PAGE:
In North Carolina, the movement in behalf of an addition of a bill of rights to the new Federal Constitution gained considerable strength between the signing of the Constitution in Philadelphia in September 1787 and the covening of North Carolina's state convention at Hillsborough in July 1788 to consider ratification of the Constitution. Indeed, while the politically crucial states of New York and Virginia voted in 1788 to approve ratification of the Constitution (though in Virginia there was a narrow margin of victory for proponents of the new plan, with such figures as Patrick Henry, George Mason and James Monroe voting no), at North Carolina's convention in Hillsborough, which lasted for two weeks in July and August of that pivotal year of 1788, this state's delegates voted to defer ratification of the U.S. Constitution until the addition of a bill of rights could be guaranteed.
When James Madison went to the First U.S. Congress and a Representative from Virginia, he introduced a number of amendments, ten of which won approval for submission to the states, becoming teh basic set of principles now known as the U.S. Bill of Rights. Thus at a second constitutional convention held in Fayetteville in November 1789, North Carolina eventually gave its approval to ratification of the Constitution, with only Rhode Island holding out on the question until 1790.
So if the state of North Carolina, which at that time included a number of the early counties of the future state of Tennessee (1796), made a strong stand in 1788 in favor of a bill of rights to become a permanent feature of the U.S. Constitution, then surely our colleges and universities can honor these legacies of individual rights and liberties as they develop their educational and civic missions for a new century under the Constitution of the United States.
DAVID PROCTOR McKNIGHT
Pretty much the ultimate hypocrisy, when activists are demanding their free speech rights so they can deny them to anyone with whom they disagree (and the rights of audience that came to listen to the speaker).
thanks for a well rounded article, I appreciate seeing this type of article in the Indy.
@indy editor. Not sure if allowing a general comment about whether free speech is really free would be a strong indication that the Liberal media allow free speech. Even Rush Limbaugh has to allow some level of disagreement in order to give the illusion of some measure of objectivity. I think my light critique would have even been allowed on a Right Wing comment section if the right wing had been the issue. My point was, everything is subjective based on the opinions of those in control of as you said, private enterprise. One person's critique is another person's attack. But to suggest that the "Liberal Media" are open to free speech but in the same breath talk about the rights of private enterprise, just seems sought of contradictory, Bill O' Reilly No Spin Zone-ish.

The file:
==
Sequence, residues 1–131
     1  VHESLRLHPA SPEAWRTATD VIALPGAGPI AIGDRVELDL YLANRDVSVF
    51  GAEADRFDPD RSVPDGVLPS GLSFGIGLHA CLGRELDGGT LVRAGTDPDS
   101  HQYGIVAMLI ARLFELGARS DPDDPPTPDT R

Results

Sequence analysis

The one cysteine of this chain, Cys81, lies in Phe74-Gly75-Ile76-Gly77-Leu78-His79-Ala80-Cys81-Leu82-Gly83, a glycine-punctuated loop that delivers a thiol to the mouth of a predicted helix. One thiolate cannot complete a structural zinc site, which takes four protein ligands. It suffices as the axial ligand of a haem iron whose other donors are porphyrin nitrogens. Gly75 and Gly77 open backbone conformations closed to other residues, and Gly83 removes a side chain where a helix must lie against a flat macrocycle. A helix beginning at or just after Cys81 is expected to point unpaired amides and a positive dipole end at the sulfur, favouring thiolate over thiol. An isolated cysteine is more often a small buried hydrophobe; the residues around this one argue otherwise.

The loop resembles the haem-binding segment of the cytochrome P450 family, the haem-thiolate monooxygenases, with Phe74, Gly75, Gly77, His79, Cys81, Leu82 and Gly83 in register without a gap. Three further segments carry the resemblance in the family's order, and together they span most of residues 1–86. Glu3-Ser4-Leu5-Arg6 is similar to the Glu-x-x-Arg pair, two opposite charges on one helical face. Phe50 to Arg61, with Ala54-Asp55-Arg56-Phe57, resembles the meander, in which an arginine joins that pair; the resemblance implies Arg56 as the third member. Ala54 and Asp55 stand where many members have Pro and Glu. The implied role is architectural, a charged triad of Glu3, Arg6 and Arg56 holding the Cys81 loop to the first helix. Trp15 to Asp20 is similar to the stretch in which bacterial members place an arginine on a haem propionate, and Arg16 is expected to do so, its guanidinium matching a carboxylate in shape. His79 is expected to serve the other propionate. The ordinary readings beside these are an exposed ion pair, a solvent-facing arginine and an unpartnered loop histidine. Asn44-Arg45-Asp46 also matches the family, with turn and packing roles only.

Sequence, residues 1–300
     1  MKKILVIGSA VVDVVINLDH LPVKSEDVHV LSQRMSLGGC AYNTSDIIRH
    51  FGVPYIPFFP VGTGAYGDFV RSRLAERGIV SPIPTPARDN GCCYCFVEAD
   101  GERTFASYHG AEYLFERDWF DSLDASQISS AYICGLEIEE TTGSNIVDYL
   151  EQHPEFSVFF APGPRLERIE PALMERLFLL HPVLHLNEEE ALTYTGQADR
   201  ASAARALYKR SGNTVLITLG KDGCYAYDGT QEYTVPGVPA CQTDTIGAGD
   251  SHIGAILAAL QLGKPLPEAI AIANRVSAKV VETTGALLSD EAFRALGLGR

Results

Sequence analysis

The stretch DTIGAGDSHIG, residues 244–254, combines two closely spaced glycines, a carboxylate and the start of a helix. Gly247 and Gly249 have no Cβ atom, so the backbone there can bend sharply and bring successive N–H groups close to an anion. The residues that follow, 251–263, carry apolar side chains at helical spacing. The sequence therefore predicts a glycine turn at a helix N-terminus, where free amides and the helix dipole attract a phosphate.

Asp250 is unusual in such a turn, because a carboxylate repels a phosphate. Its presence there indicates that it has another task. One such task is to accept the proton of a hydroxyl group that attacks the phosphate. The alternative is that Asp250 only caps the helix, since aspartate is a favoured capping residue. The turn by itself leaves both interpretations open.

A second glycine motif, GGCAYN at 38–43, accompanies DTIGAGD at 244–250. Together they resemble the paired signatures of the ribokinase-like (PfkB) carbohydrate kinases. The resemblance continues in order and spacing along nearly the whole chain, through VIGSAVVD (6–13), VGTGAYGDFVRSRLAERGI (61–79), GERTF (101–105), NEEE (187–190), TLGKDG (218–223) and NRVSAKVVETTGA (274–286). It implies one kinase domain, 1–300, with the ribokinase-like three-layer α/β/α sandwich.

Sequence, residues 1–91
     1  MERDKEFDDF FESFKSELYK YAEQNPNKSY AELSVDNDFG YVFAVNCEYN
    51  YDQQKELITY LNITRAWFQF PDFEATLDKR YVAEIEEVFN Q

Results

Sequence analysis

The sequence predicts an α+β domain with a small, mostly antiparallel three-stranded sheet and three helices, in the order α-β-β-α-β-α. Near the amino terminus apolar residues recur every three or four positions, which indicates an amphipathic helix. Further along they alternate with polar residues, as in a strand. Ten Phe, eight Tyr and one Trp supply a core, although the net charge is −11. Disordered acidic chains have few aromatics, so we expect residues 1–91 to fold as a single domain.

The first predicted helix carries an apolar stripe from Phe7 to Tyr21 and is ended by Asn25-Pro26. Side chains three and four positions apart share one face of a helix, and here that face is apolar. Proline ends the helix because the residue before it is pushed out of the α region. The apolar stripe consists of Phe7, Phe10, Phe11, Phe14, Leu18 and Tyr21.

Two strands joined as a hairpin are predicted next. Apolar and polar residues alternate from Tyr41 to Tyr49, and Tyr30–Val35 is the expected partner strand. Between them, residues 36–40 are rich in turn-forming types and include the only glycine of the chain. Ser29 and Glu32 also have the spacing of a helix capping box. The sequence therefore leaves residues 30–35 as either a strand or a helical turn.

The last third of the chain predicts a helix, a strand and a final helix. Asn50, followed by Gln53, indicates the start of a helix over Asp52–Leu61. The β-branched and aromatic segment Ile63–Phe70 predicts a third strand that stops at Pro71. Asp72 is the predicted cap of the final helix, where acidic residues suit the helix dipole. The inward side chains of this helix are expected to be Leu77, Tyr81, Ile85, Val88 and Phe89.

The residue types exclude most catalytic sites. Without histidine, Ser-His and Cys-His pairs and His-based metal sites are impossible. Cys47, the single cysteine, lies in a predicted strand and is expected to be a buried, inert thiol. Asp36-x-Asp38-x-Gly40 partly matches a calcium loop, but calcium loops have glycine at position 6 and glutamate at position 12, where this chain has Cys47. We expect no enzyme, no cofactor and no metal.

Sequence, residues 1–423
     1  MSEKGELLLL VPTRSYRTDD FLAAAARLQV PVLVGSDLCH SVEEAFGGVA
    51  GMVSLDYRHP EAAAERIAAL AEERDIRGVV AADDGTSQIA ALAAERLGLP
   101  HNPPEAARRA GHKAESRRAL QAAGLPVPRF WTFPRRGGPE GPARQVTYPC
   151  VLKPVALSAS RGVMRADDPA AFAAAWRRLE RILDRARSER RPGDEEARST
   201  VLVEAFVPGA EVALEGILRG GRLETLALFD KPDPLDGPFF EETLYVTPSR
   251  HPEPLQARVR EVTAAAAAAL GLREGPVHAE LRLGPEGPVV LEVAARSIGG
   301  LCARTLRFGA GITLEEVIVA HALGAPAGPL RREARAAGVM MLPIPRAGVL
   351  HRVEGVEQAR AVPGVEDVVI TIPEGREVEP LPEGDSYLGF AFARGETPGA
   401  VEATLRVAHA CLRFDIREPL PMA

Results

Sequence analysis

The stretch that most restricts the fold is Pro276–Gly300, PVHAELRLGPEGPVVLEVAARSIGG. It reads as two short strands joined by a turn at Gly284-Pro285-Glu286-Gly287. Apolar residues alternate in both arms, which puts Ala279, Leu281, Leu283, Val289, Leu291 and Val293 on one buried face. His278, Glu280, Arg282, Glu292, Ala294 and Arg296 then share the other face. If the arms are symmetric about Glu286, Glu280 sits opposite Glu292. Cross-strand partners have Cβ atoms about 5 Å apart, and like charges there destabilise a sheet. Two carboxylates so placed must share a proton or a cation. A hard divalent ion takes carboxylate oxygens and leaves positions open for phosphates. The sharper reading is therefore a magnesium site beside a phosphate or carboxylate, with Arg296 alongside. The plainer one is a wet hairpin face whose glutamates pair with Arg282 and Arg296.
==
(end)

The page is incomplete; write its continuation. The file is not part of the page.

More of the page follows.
@No Warning Shots Fired: the fact that your comment stands should be an indication that the "liberal media" welcomes free speech, albeit as a private enterprise, we do not have to allow ad hominem attacks and we have the right to moderate comments that we deem harmful or unproductive to the conversation. The constitution requires only the government, not private enterprise, to uphold the right to free speech.
Has there ever really been a such thing as free speech in the mass media? Even though the Liberals point the finger at the "wicked Right Wing" media they are just as bad. If it doen't fit within the Liberal agenda it will be censored.
If you don't believe it, write even a letter to the editor at a Liberal newspaper that doesn't center around Martin Luther King speeches and distorted revisionist history about black-white coalitions (that didn't work) and see if you get printed. As Ice T once said "Freedom of speech, just watch what you say."
As a dedicated disc golfer, I am thankful for any positive exposure the sport can get. To me, this article was a failed attempt to do so. Great description and facts, but the worst possible photo you could have ever used in my opinion. There are several clubs here in town that you can contact, or just ride by a course, and you could have gained some great pictures of guys and gals enjoying a round. I feel the picture used was very much a disgrace to our growing community, and it would be great for a better spread in the future. This picture makes us look like a bunch of beer guzzling huligans out in the woods, when in fact I have met the best people in Raleigh out on the public courses. I have found every one I come in contact with to be respectful and responsible.
The Chapel Hill News has followed up with its own article on the same subject: http://www.chapelhillnews.com/sports/story/25191.html with the photo gallery here: http://www.chapelhillnews.com/105/v-pop_gallery/gallery/25192-a25190-t3.html
Thrift store hidden treasures
5540 atlantic springs rd in raleigh
The last of the real thrift stores. A gold mine with prices so low you would think it's free...
a must see
Truly amazing the way you've put this together. You must be a talented person in some respect. Who doesnt love a down to earth person with some brains. People like you are woth envying to some degree. Thanks, i read every last word, though I'll likley never be going to Durham and at the moment I don't even know where it's located if I had to guess, EnglanD?? Doesn't matter. Just thought I'd leave you nice comment beings it is more than deserving. Ok. Bye
This is great news for NC. Does anyone know where/when McEwan's Scotch Ale will be available in the Raleigh area? I would appreciate help on this. Thanks.
How could you leave out Blue Martini, Raleigh Wednesdays - Ladies Night $5.00 Martinis and FREE appetizer!
Indy Week • 302 E. Pettigrew St., Suite 300, Durham, NC 27701 • phone 919-286-1972 • fax 919-286-4274
RSS Feeds | Powered by Foundation